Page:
Recently, FDA approved a medical device that can support the weakened hearts of children with heart failure so they will live until a donor for a heart transplant can be found. The mechanical pulsatile cardiac assist device called the EXCOR Pediatric System made by Berlin Heart comes in graduated sizes to fit children from newborns to teens.
Heart failure in children is much less common than in adults. Heart transplantation offers effective relief from symptoms, however, there are far fewer pediatric-sized donor hearts available for transplantation than for adults. For infants, the average waiting time for a donor heart is 119 days. Overall, a reported 12 to 17 percent of children and 23 percent of infants die while on the waiting list for a heart transplant.
The EXCOR was designated as a Humanitarian Use Device by the Office of Orphan Products Development at FDA. This designation is made for medical devices intended to benefit patients in the treatment or diagnosis of a disease or condition that affects fewer than 4,000 individuals in the U.S. annually. FDA’s Orphan Products Grant Program supported the U.S. clinical trials for the EXCOR Pediatric System with grants of $400,000 per year for three years.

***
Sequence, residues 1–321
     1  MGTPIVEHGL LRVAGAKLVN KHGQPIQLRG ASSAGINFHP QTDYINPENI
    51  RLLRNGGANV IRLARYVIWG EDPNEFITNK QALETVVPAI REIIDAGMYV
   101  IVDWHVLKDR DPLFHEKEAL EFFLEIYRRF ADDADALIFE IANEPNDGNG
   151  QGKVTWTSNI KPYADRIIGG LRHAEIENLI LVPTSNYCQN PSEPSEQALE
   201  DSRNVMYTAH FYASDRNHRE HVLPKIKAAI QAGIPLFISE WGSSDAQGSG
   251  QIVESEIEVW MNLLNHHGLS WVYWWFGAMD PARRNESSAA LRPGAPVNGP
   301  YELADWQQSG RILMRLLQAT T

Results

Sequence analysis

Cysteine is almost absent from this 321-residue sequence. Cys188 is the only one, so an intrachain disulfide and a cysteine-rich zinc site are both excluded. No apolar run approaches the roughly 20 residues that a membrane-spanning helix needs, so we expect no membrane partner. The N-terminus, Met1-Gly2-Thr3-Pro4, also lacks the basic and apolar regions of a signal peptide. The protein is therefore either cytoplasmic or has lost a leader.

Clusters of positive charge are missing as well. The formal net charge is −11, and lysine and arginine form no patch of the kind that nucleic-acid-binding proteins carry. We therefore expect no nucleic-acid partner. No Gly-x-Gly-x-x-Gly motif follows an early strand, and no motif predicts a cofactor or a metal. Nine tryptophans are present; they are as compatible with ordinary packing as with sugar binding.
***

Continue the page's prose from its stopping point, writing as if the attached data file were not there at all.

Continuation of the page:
In another FDA action, FDA now allows the marketing of the first hand-held device intended to aid in the detection of life-threatening bleeding in the skull called intracranial hematomas using near-infrared spectroscopy. The device called the “Infrascanner Model 1000” manufactured by InfraScan Inc. of Philadelphia, can help healthcare providers identify patients with critical head injuries who need an immediate brain imaging study. Intracranial hematomas occur when blood from a ruptured blood vessel collects within the brain or between the skull and the brain.
The scanner directs near-infrared light which is a wavelength of light that can penetrate tissue and bone into the skull. Blood from intracranial hematomas absorb light differently than from other areas of the brain. The scanner is able to detect differences in light absorption and then transmit this information wirelessly to a display on a hand-held computer.
By comparing the optical density from a series of scans for specific areas on both sides of the skull, a trained healthcare provider can use the information provided by the device, in conjunction with other clinical information to determine the likelihood of an intracranial hematoma and the need for further diagnostic procedures such as a CT scan.
“As a result, this portable device can offer emergency room physicians a non-invasive mechanism to aid in assessing whether an immediate CT scan is needed”, according to Christy Foreman, Director of the Office of Device Evaluation at FDA’s Center for Devices and Radiological Health.